Swine virus found in children's vaccine

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Researchers have found traces of a virus that lives on swine in a diarrhea vaccine produced by British GlaxoSmithKline and used widely in Vietnam.

It has not been known if the PCV-1 virus will cause disease in either animals or humans. But its DNA was found in the Rotarix oral vaccine used to protect against diarrhea and vomiting, AFP on March 24 cited the European Medicines Agency (EMA) as saying.

"The findings do not present a public health threat," said the agency in a statement.

"It is nonetheless clear that viral DNA should not be present in the vaccine and that its source is unclear."

As of March 24, the Health Ministry had not ordered a halt on the use of the vaccine, said Nguyen Thi Tuong Vi from the office of GSK in Vietnam.

GSK has sent notes about the finding to concerned authorities, Vi said.

The drugmaker said in a press release on March 23 that there's PCV-1 in meat products people eat every day and it causes no problem. The virus doesn't reproduce in the human body, it said.

GSK said PCV-1 is present in the cell stock used in the first stage of the vaccine production. It said it will try to change the cell stock as soon as it can.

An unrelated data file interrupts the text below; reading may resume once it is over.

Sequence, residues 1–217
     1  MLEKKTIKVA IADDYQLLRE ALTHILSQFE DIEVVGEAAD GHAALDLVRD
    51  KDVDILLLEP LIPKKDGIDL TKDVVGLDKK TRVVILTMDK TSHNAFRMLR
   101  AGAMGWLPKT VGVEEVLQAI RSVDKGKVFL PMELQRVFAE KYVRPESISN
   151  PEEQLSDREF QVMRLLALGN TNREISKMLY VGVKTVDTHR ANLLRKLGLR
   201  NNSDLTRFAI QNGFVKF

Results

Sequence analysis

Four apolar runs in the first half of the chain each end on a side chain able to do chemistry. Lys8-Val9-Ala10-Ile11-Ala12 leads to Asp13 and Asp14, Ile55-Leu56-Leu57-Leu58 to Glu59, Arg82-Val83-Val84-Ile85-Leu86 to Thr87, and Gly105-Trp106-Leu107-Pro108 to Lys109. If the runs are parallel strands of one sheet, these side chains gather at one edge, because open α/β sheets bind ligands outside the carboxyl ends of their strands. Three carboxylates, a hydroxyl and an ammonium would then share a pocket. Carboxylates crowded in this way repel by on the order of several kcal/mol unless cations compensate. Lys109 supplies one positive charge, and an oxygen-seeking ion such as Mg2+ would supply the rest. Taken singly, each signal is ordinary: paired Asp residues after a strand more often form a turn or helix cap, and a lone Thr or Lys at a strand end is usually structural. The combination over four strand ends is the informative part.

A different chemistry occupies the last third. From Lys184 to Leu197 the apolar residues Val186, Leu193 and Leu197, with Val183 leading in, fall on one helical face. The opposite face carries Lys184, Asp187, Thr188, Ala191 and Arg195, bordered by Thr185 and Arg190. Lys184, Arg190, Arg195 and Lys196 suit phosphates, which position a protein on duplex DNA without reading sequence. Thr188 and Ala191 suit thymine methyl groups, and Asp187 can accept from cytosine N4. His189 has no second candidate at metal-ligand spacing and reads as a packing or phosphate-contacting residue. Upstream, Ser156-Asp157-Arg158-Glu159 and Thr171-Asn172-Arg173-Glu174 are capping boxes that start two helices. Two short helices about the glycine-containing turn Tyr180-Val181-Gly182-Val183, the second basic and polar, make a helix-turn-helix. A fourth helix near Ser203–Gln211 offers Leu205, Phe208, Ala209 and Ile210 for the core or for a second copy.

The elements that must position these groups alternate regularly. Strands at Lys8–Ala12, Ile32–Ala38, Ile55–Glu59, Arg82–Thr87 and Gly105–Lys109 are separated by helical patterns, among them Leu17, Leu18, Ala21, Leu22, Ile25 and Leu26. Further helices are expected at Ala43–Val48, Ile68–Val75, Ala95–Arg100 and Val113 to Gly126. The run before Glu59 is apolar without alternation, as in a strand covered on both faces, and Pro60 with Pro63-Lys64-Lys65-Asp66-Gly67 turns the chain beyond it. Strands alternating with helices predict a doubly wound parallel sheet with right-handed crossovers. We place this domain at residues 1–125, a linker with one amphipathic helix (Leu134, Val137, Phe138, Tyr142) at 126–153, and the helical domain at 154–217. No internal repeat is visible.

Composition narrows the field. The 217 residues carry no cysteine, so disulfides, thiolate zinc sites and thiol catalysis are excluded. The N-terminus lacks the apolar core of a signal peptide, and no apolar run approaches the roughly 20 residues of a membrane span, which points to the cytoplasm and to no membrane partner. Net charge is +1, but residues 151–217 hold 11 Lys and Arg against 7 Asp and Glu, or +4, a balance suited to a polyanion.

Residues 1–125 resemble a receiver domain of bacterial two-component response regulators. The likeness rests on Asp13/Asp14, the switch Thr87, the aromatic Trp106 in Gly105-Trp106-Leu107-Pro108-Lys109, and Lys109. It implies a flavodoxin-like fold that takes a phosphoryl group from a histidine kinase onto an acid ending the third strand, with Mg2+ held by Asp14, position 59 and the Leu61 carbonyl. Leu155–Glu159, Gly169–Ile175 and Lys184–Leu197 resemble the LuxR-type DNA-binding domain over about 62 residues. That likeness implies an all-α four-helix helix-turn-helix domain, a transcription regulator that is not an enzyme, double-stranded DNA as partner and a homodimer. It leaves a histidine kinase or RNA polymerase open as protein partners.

Nguyen Tran Hien, head of the National Institute of Hygiene and Epidemiology, said "In principle, PCV-1 is not allowed in any kind of vaccine, though there's no scientific evidence that the virus would cause diseases in humans and pigs."

The virus is not the one that causes swine flu, Hien said.

Vietnam Drug Administration has asked the Preventive Health and Environment Department under the Health Ministry, and the National Institute of Hygiene and Epidemiology to advise on the issue.

It also requested GSK to provide information related to the vaccine and updates on the reactions of the US Food and Drug Administration (FDA) and the European Medicines Agency regarding the finding.

The European Medicines Agency said in a recent statement it would not take any action at this stage. It has instead requested the manufacturer to provide further information "as a matter of urgency."

Meanwhile, FDA has recommended its clinicians and medical officials to stop using Rotarix for a while to prevent any risks.

FDA said they would call a meeting in four or six weeks to review available documents on vaccines of the same kind in the US and to give more suggestions on their usage.

It has also asked for more technologies to identify virus in vaccines.

Health authorities in both the US and Europe said they would join officials from the World Health Organization to discuss the matter in the coming days.

Rotarix is given by mouth to children from six weeks onwards to treat the viral infection rotavirus, which causes diarrhea and vomiting.

It was approved in Vietnam in 2007 and 155,000 shots have been given since August that year. It is not part of the National Vaccination Program.

The European Union approved the vaccine in 2006, although the drug is not part of childhood vaccination programs of EU member states, the European Medicines Agency said.

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